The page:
John Pritiskutch Reproductions

History of Lebanon County - Mill Creek

The following is reproduced from the 1875 Atlas of Lebanon County, Pennsylvania

Mill Creek is the extreme south-eastern township of Lebanon county, and until the year 1844, was included in Jackson and Heidelberg, except about 500 acres which were added to it from Berks co.

The Muelbach or Mill Creek, a beautiful stream of considerable size, which flows through from west to east, gave to the township its name. On this stream as early as 1720, the German Baptists, more generally called "Dunkards" had a settlement.

Besides the Mill Creek there are several other streams of smaller size. The South Mountain or Conewago Hills are in the southern part of the township.

The rest of the land is generally level and well improved. The soil, principally limestone, is of good quality. There are several settlements or villages in the township. Near the Berks county line is Newmanstown, which, in 1762 was laid out by Walter Newman. " Millbach," sometimes called " Mill Creek Centre," from the creek on which it is built, is a small settlement near the centre of the township.

Richland and Sheridan are two thriving villages on the line of the Lebanon Valley R. R., which crosses the northern part of the township. The former is near the line of Jackson township, and the latter, which was formerly called Missemer's Station, is near the borders of Berks county. At both of these places business houses and private dwellings are springing up with great rapidity. The furnaces of Messrs. Wm. M. Kaufman & Co., are near Sheridan and have added much to the activity of the place.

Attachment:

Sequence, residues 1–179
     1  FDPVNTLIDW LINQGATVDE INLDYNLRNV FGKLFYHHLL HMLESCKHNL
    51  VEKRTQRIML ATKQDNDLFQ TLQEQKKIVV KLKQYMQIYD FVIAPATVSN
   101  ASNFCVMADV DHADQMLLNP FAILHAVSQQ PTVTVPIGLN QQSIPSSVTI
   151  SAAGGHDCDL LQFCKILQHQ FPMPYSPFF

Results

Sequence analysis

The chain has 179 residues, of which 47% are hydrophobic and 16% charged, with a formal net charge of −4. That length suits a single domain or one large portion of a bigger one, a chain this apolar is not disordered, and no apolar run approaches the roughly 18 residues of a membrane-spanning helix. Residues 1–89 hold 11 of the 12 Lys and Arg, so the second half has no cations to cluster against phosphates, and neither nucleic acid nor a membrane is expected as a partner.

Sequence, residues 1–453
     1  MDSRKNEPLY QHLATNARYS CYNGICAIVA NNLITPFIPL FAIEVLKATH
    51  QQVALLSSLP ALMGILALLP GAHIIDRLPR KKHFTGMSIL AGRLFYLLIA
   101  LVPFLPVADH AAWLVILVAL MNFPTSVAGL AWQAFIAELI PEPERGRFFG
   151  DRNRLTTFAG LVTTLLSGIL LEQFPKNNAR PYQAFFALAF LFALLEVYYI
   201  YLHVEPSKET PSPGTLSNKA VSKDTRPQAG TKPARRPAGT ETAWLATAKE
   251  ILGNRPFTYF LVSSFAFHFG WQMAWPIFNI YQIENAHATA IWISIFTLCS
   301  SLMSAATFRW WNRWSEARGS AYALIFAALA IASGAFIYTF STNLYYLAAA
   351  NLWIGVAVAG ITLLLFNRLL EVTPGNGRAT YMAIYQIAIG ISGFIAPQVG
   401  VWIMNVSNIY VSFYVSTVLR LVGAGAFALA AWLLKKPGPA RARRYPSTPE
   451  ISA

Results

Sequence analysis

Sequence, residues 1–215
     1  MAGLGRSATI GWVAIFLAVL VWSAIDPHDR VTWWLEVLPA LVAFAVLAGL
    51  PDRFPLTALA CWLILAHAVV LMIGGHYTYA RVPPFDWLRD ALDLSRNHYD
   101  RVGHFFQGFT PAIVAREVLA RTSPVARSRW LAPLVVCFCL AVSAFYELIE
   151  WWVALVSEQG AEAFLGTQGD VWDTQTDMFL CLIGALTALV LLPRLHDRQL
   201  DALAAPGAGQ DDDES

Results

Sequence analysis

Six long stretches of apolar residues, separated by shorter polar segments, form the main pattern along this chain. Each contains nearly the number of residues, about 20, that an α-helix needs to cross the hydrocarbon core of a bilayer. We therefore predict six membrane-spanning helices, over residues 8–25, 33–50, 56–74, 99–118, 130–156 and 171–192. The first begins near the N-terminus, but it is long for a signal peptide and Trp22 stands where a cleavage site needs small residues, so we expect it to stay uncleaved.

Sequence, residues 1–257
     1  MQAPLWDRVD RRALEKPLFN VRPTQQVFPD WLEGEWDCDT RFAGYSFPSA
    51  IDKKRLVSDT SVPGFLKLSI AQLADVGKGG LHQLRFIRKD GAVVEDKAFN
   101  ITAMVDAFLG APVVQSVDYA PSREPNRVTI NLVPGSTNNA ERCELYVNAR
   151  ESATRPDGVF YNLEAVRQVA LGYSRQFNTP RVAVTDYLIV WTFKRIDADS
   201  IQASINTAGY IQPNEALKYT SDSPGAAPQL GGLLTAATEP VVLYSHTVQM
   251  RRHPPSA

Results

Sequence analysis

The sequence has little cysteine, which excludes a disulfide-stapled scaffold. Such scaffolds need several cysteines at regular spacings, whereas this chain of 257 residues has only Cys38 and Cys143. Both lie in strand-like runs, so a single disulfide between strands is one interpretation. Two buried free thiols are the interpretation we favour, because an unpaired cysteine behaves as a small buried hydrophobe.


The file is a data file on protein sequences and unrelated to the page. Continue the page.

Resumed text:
In soil, and in the intelligence and enterprise of its people, Mill Creek will compare favorably with any other part of Lebanon county.

The principal settlers of this township were Hessians, Irish and Germans. The Hessians came from the Reading camp in Berks county, and settled principally among the mountains. The first German settlers came from Schoharie county, New York. Among the early settlers of note, may be mentioned Conrad Weiser, who came here from Philadelphia, accompanied by Wm. Penn, about the year 1719. After making a treaty with the Indians, Weiser started a settlement at Millbach. He afterwards settled near the present town of Womelsdorf, in Berks county, where he was buried. A plain stone slab marks his grave. Walter Newman and his wife Elizabeth came to this township from Ireland, sometime between the years 1741 and 1763, having previously, (about the year 1741,) received a grant of two tracts of land from Wm. Penn. This township was then included in or called Heidelberg township, in Lancaster county.

Lice (christian name not given,) settled at Tulpehocken, and worked for Frederick Miller for 9 cents per day. Land at that time sold for one dollar per acre. John Stump, Michael Meiser, John Noll, Michael Zeller, John Moore, Henry Moyer. Nicolas Lechner, John Grove, Christian Seibert, and others came from Schoharie county, N.Y., and settled at Millbach.